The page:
Subsection (b) permits disclosure to any person if the custodian of the individually identifiable health information reasonably believes there is an imminent threat of serious harm to the subject or a known individual and the disclosure would significantly reduce the risk of serious injury or death. In light of Subsection (b) a disclosure consistent with the rule will not result in the custodian being liable to the subject. At some level, Section 6(b) reflects concerns similar to those raised in Tarasoff v. Regents of the University of California, 551 P.2d 334 (Cal 1976) where the court held that a wrongful death action could be brought against a psychotherapist who failed to disclose his patient's intent to murder another on the theory that he owed a duty of disclosure to the victim. This duty arose because the patient had confided his or her intention to inflict harm on another individual by name.
Subsection (c) treats the disclosure of HIV-related information separately. It provides for the disclosure of confidential HIV- related information if all the provisions of the subsection are met. While confidential HIV-related information should be closely guarded due to the serious possibility of discrimination, disclosure of the HIV-related information is allowed if the conditions are met because of the seriousness of the disease and the various methods of transmission. Any significant risk of future infection of HIV poses a serious threat to the person exposed to that risk. The subject's privacy interest is outweighed by the seriousness of the threat.
Subsection (d) permits a subject's health care representative (as defined in Section 1(f)) or another individual acting as a agent for the subject to disclose individually identifiable health information to any person if the disclosure is related to the health care of the subject. Thus, a spouse or parent could provide such information to an insurer or employer of the subject to assist in the processing of insurance claims and in making a workplace accommodation. Likewise, an elderly person's friend could provide such information to an agency processing the subject's Medicaid application to assist in the processing of that claim.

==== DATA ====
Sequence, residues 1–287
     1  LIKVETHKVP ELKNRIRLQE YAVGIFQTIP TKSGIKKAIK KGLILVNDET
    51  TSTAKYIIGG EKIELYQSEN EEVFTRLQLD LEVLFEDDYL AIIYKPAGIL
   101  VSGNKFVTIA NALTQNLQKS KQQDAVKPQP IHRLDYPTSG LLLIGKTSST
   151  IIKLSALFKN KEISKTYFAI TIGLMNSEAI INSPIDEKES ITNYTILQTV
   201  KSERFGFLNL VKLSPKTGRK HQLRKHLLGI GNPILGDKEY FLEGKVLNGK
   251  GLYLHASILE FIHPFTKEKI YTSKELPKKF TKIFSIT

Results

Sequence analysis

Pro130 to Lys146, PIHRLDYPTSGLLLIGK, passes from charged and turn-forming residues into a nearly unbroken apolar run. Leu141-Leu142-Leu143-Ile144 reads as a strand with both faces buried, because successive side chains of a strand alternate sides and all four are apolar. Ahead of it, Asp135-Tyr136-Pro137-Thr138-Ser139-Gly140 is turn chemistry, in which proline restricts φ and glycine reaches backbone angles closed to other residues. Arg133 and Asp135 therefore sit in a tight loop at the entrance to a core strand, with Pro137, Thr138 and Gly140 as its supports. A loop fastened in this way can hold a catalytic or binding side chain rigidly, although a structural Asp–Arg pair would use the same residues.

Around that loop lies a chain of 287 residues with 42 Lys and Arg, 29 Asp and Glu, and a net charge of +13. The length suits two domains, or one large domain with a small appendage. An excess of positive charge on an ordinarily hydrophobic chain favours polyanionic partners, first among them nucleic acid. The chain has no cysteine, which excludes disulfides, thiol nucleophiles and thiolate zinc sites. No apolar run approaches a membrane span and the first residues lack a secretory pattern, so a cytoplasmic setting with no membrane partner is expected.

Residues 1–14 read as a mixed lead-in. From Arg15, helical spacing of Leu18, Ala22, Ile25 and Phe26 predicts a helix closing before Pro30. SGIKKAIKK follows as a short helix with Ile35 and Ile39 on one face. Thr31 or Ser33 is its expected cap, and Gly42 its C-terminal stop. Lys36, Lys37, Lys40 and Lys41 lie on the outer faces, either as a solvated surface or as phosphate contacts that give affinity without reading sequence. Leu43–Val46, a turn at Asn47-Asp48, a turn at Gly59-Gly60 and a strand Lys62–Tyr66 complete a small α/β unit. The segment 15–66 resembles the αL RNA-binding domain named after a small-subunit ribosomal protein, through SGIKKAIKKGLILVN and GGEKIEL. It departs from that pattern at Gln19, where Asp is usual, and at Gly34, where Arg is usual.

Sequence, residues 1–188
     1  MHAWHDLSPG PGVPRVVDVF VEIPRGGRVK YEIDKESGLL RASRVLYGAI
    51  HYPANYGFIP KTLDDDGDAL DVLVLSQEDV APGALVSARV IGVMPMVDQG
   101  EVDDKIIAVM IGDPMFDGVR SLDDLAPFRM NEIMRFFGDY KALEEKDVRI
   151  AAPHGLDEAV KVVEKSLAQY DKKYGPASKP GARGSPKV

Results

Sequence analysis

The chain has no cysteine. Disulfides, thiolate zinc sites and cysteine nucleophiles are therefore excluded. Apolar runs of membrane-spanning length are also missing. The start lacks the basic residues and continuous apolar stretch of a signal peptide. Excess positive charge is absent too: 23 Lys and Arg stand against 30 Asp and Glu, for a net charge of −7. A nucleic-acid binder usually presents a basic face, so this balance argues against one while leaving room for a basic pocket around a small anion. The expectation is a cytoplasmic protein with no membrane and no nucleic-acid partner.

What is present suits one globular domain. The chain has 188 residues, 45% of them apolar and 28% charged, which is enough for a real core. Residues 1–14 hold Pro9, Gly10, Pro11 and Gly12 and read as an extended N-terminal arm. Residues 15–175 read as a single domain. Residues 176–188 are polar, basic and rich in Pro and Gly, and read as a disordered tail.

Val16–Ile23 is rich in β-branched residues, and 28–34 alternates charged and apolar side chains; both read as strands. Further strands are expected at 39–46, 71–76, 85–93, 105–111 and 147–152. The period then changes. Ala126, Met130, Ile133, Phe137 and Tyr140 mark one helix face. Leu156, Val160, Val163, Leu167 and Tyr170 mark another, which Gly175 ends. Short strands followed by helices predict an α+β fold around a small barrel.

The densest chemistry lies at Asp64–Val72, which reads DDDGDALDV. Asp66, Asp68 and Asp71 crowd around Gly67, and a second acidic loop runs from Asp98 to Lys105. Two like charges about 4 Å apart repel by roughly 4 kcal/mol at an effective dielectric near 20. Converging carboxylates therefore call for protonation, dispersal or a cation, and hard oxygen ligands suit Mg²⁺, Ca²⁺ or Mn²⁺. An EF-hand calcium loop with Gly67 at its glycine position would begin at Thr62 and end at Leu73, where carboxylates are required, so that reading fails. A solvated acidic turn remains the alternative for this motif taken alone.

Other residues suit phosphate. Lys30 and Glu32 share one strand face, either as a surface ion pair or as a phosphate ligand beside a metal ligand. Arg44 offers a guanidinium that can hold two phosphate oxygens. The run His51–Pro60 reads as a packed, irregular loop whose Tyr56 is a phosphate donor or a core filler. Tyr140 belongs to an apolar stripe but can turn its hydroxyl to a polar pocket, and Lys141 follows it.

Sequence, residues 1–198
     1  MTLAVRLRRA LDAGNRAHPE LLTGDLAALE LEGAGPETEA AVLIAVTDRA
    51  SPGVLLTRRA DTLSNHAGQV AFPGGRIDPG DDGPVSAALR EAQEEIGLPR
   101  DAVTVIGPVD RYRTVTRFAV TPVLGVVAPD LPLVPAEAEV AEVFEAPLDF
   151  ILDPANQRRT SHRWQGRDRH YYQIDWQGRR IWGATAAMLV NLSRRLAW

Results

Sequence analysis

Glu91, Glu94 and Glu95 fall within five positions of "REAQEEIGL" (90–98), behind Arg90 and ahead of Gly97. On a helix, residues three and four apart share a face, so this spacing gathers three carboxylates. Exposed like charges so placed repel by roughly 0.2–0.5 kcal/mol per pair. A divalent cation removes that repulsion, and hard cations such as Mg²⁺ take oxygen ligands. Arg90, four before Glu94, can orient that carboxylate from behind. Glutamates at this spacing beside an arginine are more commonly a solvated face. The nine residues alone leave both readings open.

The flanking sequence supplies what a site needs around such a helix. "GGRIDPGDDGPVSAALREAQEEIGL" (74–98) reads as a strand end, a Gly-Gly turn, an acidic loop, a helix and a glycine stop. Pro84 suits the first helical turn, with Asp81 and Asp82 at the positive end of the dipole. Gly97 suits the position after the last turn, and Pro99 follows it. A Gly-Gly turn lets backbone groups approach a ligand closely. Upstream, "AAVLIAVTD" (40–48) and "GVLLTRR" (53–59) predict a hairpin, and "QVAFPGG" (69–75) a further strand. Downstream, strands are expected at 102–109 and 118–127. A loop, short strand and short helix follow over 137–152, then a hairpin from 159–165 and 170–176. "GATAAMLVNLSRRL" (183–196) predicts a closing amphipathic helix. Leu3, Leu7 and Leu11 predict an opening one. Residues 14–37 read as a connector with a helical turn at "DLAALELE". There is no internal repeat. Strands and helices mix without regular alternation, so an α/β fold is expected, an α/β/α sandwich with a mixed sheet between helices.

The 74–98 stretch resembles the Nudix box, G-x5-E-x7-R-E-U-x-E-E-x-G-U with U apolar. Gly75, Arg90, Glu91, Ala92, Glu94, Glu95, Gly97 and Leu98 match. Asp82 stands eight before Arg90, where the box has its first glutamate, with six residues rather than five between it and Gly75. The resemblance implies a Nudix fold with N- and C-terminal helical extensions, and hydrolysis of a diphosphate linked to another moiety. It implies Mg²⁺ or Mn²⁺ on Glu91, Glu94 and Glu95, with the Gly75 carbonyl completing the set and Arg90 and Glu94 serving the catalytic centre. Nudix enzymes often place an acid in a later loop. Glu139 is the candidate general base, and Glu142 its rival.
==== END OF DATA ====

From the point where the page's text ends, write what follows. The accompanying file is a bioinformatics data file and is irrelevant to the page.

Subsection (e) assumes that a subject has a diminished privacy interest in individually identifiable health information after the subject is deceased. Therefore, after the subject's death, the information may be disclosed at any time. However, for those who want to protect the information, the subject of the information may designate a health care representative, who may protect the information for three years by preventing certain disclosures. Three years was chosen because there is usually a personal representative administering a decedent's estate during that period. In many cases, it is likely that the personal representative will be the same person as the health care representative.
The drafters had some concern about the release of genetic information after the subject's death. One concern was that genetic information could be considered family information, and, therefore, not disclosable after the death of the subject. Another concern was that family members could be discriminated against because of the genetic makeup of their parents or grandparents. The Act, however, is restricted to regulating disclosure and not use, and these concerns involve uses of information. Therefore, no restrictions on use were adopted and genetic information is treated like all other individually identifiable health information under the Act.
Subsection (f) provides an umbrella over all permissive disclosures in that it permits disclosures only to the extent necessary to accomplish the purpose for which it was permitted.